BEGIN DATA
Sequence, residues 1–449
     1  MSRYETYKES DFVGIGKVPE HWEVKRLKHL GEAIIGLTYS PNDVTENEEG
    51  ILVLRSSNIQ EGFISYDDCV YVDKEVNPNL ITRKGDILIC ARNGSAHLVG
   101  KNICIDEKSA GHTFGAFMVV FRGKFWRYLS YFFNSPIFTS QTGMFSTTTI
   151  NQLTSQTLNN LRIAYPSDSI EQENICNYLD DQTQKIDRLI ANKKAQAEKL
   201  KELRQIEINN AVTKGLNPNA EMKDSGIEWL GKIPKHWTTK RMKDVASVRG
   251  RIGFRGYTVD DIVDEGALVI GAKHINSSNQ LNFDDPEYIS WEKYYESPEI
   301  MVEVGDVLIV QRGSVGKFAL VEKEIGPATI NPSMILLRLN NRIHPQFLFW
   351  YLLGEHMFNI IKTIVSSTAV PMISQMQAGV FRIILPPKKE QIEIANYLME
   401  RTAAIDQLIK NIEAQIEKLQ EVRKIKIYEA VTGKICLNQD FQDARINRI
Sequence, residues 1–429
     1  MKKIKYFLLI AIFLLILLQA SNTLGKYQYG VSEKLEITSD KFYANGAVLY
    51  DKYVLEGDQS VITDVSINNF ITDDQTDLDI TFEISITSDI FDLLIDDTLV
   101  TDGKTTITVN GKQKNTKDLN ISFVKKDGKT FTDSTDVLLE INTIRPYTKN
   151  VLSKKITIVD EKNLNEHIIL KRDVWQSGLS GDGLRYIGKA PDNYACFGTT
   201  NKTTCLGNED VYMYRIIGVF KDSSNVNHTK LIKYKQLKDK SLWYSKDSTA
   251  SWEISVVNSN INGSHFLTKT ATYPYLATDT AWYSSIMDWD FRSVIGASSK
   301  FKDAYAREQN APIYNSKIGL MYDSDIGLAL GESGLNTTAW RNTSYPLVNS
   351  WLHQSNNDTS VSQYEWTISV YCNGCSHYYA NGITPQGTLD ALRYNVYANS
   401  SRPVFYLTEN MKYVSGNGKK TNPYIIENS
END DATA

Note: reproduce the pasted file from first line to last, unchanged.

Sequence, residues 1–449
     1  MSRYETYKES DFVGIGKVPE HWEVKRLKHL GEAIIGLTYS PNDVTENEEG
    51  ILVLRSSNIQ EGFISYDDCV YVDKEVNPNL ITRKGDILIC ARNGSAHLVG
   101  KNICIDEKSA GHTFGAFMVV FRGKFWRYLS YFFNSPIFTS QTGMFSTTTI
   151  NQLTSQTLNN LRIAYPSDSI EQENICNYLD DQTQKIDRLI ANKKAQAEKL
   201  KELRQIEINN AVTKGLNPNA EMKDSGIEWL GKIPKHWTTK RMKDVASVRG
   251  RIGFRGYTVD DIVDEGALVI GAKHINSSNQ LNFDDPEYIS WEKYYESPEI
   301  MVEVGDVLIV QRGSVGKFAL VEKEIGPATI NPSMILLRLN NRIHPQFLFW
   351  YLLGEHMFNI IKTIVSSTAV PMISQMQAGV FRIILPPKKE QIEIANYLME
   401  RTAAIDQLIK NIEAQIEKLQ EVRKIKIYEA VTGKICLNQD FQDARINRI
Sequence, residues 1–429
     1  MKKIKYFLLI AIFLLILLQA SNTLGKYQYG VSEKLEITSD KFYANGAVLY
    51  DKYVLEGDQS VITDVSINNF ITDDQTDLDI TFEISITSDI FDLLIDDTLV
   101  TDGKTTITVN GKQKNTKDLN ISFVKKDGKT FTDSTDVLLE INTIRPYTKN
   151  VLSKKITIVD EKNLNEHIIL KRDVWQSGLS GDGLRYIGKA PDNYACFGTT
   201  NKTTCLGNED VYMYRIIGVF KDSSNVNHTK LIKYKQLKDK SLWYSKDSTA
   251  SWEISVVNSN INGSHFLTKT ATYPYLATDT AWYSSIMDWD FRSVIGASSK
   301  FKDAYAREQN APIYNSKIGL MYDSDIGLAL GESGLNTTAW RNTSYPLVNS
   351  WLHQSNNDTS VSQYEWTISV YCNGCSHYYA NGITPQGTLD ALRYNVYANS
   401  SRPVFYLTEN MKYVSGNGKK TNPYIIENS